The space for dissent is highly controlled, with authorities regularly fining and jailing peaceful protesters for violating a restrictive public assembly law. In January the Special Rapporteur on freedom of assembly and association, Maina Kiai, noted the “very limited space for the expression of dissenting views” in Kazakhstan and pointed out that the “Government’s approach to regulating assemblies deprives the right of its meaning,” urging the authorities to review freedom of association and assembly laws.
A restrictive religion law also remains in force, which the government uses to clamp down on minority religious groups, fining and detaining worshipers for peacefully practicing religions that are outside of state control.
Last year a major legislative overhaul by the government ignored serious misgivings expressed by leading Kazakh human rights groups, resulting in the adoption of new criminal and administrative codes, and a new law on trade unions, that further restrict fundamental freedoms in breach of international standards.
During its recent UPR, the Kazakh authorities deflected criticism and concerns raised in the above areas by claiming that the issues in question had already been resolved. The November 2014 review of Kazakhstan by the Committee against Torture highlighted serious torture-related concerns, including the gap between law and practice, and persisting impunity for torture.
While Kyrgyzstan continues to stand out in Central Asia for its parliamentary democracy, its rights record in the five years since interethnic violence broke out in southern Kyrgyzstan in June 2010 has been marred by the authorities’ failure to adequately address abuses in the south, in particular against ethnic Uzbeks, who endured the majority of casualties and destroyed homes, and who have been disproportionately subjected to arbitrary detention, ill-treatment and torture, and extortion schemes without redress.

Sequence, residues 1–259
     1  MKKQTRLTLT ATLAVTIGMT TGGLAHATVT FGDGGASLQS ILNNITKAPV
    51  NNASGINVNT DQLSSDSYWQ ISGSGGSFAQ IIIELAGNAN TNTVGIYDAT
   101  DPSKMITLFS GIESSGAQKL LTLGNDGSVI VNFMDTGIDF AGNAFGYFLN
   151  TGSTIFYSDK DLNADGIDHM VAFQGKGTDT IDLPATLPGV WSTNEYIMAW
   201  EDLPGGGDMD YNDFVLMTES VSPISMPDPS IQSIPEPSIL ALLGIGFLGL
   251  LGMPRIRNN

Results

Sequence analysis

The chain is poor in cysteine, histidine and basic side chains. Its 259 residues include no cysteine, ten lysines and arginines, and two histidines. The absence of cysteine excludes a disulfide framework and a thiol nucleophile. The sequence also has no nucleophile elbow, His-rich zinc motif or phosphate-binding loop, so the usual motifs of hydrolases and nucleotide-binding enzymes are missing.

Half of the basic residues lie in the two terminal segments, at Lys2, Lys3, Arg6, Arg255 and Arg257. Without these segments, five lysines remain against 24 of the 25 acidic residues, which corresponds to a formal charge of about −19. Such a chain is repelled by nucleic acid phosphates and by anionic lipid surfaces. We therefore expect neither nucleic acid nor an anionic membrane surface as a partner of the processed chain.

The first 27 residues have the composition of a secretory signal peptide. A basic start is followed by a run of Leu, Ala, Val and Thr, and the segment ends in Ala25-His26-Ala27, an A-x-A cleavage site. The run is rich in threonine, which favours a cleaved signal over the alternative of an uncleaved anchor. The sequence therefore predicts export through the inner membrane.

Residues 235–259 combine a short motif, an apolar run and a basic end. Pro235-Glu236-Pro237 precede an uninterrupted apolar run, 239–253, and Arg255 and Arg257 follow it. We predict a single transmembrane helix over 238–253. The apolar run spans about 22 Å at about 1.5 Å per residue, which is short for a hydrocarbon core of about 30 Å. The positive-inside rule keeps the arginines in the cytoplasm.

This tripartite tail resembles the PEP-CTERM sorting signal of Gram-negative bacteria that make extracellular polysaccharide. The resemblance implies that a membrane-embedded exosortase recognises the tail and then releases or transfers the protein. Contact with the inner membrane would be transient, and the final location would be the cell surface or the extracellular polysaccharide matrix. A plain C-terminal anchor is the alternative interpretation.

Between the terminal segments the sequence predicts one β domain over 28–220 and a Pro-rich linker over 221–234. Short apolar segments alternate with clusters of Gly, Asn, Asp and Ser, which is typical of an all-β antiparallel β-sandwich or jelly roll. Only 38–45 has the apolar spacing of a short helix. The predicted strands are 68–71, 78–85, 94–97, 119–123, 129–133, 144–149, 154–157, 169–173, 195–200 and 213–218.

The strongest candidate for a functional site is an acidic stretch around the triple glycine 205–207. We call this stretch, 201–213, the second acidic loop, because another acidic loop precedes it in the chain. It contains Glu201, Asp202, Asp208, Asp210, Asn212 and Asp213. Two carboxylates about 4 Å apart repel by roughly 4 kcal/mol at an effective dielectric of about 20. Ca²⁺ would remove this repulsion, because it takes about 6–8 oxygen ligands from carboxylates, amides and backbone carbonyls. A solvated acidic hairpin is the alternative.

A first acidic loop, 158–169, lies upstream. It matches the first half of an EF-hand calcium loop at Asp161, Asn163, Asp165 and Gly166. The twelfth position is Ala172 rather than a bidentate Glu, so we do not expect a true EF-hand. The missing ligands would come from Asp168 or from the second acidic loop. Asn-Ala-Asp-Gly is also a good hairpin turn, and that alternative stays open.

Human rights defender Azimjon Askarov, whose health is deteriorating, remains wrongfully imprisoned, serving a life sentence following a prosecution and trial marred by serious violations of fair trial standards and allegations of torture. His complaint filed with the UN Human Rights Committee in November 2012 remains pending.
Two deeply problematic bills pending before the parliament –an anti-gay ‘propaganda’ bill which appears aimed at silencing anyone seeking to openly share information about same-sex relations in Kyrgyzstan, including with proposed criminal sanctions, and a ‘foreign agents’ bill, which would require organizations that receive foreign funding and engage in “political activities” to register as “foreign agents” – would seriously curb freedom of association and expression and blatantly flout Kyrgyzstan’s obligation to ensure nondiscrimination. Their introduction has rightly raised alarm and prompted strong statements of concern by the international community, including the Office of the High Commissioner for Human Rights.
The government has not done enough to address the longstanding problems of gender-based and domestic violence, and violence and discrimination against LGBT people. Domestic violence is widespread, as are abductions for forced marriage, despite legislative amendments increasing the penalties for this practice. The government is not providing adequate protection, support, and access to justice for survivors. Gay and bisexual men are at serious risk of extortion schemes and physical and sexual violence at the hands of the police, with abuses going largely unpunished.